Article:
Corked: A Memoir recalls two darkly humorous weeks in a tumultuous father-daughter relationship, replete with the author's mutually escalating insecurities: insecurity about paternal love and the inevitability of death, lover love, wine love, wine speak and insecurity about insecurity.
Traumatized by her accidental killing of an elderly man, Borel has been depressed for some years when the book begins. Trying to connect with her aging connoisseur father (and to prove she learned something from her compulsory childhood lessons in his cellar), she proposes a wine-tasting road trip in France.
She will bond with her father, she thinks, if she bonds with wine, his great passion.
The outcome is a compelling and often uncomfortable blend of love, resentment, laughter and rage. Put simply, Borel's powers of perception - of her notoriously difficult father and of her own shortcomings - are acute and unrelenting. She sees and readily confesses all, often with a particular delight in the more shocking details. For instance, her story of how, after an argument, she nearly drives the two of them headlong into a tree - intentionally, that is. Or how her new vibrator catches fire while in use.
And what isn't shocking, she can make so. Having been a hotelier, her father is extremely demanding of staff and routinely berates them to the point of tears. As if to compensate for his cruelty, Borel fears that her own complaining might result in spending "the rest of my days being fed a diet of garbage slurry and mashed-up Madagascar cockroaches, naked, while being cattle-prodded by zombie-ghosts with melting faces in bloody army attire."
Not imagery for the faint of heart, but it is teeming with energy and originality. What drives this book and makes it important is the seemingly impossible-to-maintain contrast between Borel's in-your-face bravado, her desire to shock, and the intense fragility and insecurity of depression, her desperate need for her father's attention.
The insecurities become entangled as the pair progress on their journey from Alsace to Burgundy and from the Côtes du Rhône to the Languedoc. Terrified of disappointing her father, she confesses early that she has been pretending to know about wine, and it's not hard to believe when she declares that an Alsatian riesling tastes like gasoline.
As Borel thinks less and tastes more, things begin to change. She coaxes herself to relax as she tastes a Pfaffenheim Grand Cru Steinert. "Loosening my shoulders, I took a deep breath. Then something happened. The wine, which had disappeared down my throat, reappeared in fragrance. But it was bigger than the initial flavour. It was huge." Experiencing a long, robust finish starts her on the path to wine, and then to her father.
Some of Borel's funniest writing centres on wine. Pondering her father's opinions about the subjective sensuality of wine and the controversial wine critic Robert Parker's famous 1-100 rating system, she considers a similar system for the sensual experience of sex.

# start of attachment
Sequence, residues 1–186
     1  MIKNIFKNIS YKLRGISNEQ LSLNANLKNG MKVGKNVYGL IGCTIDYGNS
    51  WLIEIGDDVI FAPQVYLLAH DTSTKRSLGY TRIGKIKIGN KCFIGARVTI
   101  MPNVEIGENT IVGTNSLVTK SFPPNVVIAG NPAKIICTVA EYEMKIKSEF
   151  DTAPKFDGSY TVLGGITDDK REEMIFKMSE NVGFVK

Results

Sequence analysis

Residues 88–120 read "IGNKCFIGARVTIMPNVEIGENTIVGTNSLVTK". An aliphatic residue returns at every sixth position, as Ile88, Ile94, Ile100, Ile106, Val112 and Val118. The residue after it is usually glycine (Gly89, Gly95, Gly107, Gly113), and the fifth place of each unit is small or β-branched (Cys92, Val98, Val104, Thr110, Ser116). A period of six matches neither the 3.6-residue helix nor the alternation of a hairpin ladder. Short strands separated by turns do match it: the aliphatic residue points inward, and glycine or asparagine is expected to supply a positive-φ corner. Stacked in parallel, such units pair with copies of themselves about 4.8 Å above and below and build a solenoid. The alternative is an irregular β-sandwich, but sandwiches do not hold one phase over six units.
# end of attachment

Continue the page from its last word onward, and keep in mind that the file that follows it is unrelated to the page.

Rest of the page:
"If a man dressed up in a giant periwinkle bunny costume before bedding me, I would likely rate that experience a 2 out of 100. ... But if I were a furvert, the rating would surely be much higher. According to my father, Parker was the same. The only difference is the man in the plushie outfit is an expansively flavoured, easy-seducing wine with little nuance."
It's difficult not to picture the all-powerful Parker in the bunny suit.
Borel is not always in control of her writing, however. Her extemporaneous imagistic meanderings can be distracting, even daunting. We are offered a verbal description of a theoretical pie chart representing the ingredients of her father's cackle, a to-do list for God ("Fix Africa") and a long list of preferred drinks when she can't bear any more red wine ("French fry grease. … A glass of syphilitic's urine.").
These hallucinatory flights would be more engaging if used more sparingly and more strategically. At times, it seems Borel's impulses, her insecurities and her need to shock control the text, though she clearly possesses the ability to rein them in and use them to her advantage, to our advantage. As the trip nears an end, Borel makes more of the connections she has been seeking, smoothly and satisfyingly where wine is concerned, but not surprisingly, the paternal road is rougher.
In Côte Rôtie, bonding with father, wine and winemaker finally happens over a voluptuous red blend that all agree tastes like cake. Unexpectedly, a momentous discussion of German philosophy and wine's live, subjective nature ensues. It will take the later confession of her father's unexpected secret to finally bring father and daughter to an understanding and the book to its denouement.
Some readers may shy away from Borel's openness, but this book is unique precisely because it is Borel. With the audacious rage of a neglected child and the bold sharpness of the surgeon's blade, she dissects her very human relationship with her father. Then, hearts and bodies still open and beating, she invites us in for a glass of wine around the operating table. This takes courage.
I expect that Corked is just the hard-copy beginning for Borel. I look forward to seeing what she'll offer up next. My hope: more of the same, but a little less.
Kate Parsons is a sommelier and wine writer who very recently relocated from Ottawa to Boston.